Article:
The stakes could not be higher now. We face the biggest political crisis for at least a couple of generations. The risks are now both a democratic crisis and an economic one. We just cannot go on as we have been: evading and obfuscating choices – indeed frequently denying, against all evidence, that there are unavoidable choices. And the public will understandably not, for a very long time, forgive a political class which on all sides of the divide fails to level with it on the choices being made.
This feels a rather unseasonal theme but as we are approaching Christmas I thought I would therefore talk about nine lessons we need to draw from the last two and a half years, if the next two and a half – indeed the next decade – are not to be even more painful.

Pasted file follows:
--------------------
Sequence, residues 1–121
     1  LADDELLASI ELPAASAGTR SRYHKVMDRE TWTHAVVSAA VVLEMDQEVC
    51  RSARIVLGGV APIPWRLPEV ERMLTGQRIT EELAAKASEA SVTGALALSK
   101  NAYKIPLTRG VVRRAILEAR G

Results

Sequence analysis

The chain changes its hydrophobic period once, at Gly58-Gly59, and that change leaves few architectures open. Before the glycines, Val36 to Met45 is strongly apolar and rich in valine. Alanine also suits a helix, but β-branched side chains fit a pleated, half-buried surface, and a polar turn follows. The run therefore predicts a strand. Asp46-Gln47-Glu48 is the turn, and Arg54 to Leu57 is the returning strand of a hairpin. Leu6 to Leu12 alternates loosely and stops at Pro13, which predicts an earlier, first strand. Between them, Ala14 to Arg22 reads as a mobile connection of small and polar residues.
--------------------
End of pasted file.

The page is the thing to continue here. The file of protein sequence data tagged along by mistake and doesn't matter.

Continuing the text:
I wish I could say that I thought these nine lessons were in the process of being digested. Perhaps we do at least have some signs that a genuine debate about types of post Brexit destination, based on something other than complete wishful thinking, is belatedly breaking out. But the debate in this country – on all sides – continues to suffer from all manner of delusions, fantasies and self-deceptions. And the debate in the EU on the British question, insofar as there is one, suffers from complacency, fatigue and strategic myopia. We are in a bad way. And a descent into a deeply troubled and essentially conflictual medium term relationship with the EU and a deeply divided British politics for a generation becomes completely inevitable unless we learn these lessons and apply that learning in the next few years.
So here are nine lessons we need, I think, to learn from the last few years and the conclusions we need to draw from them.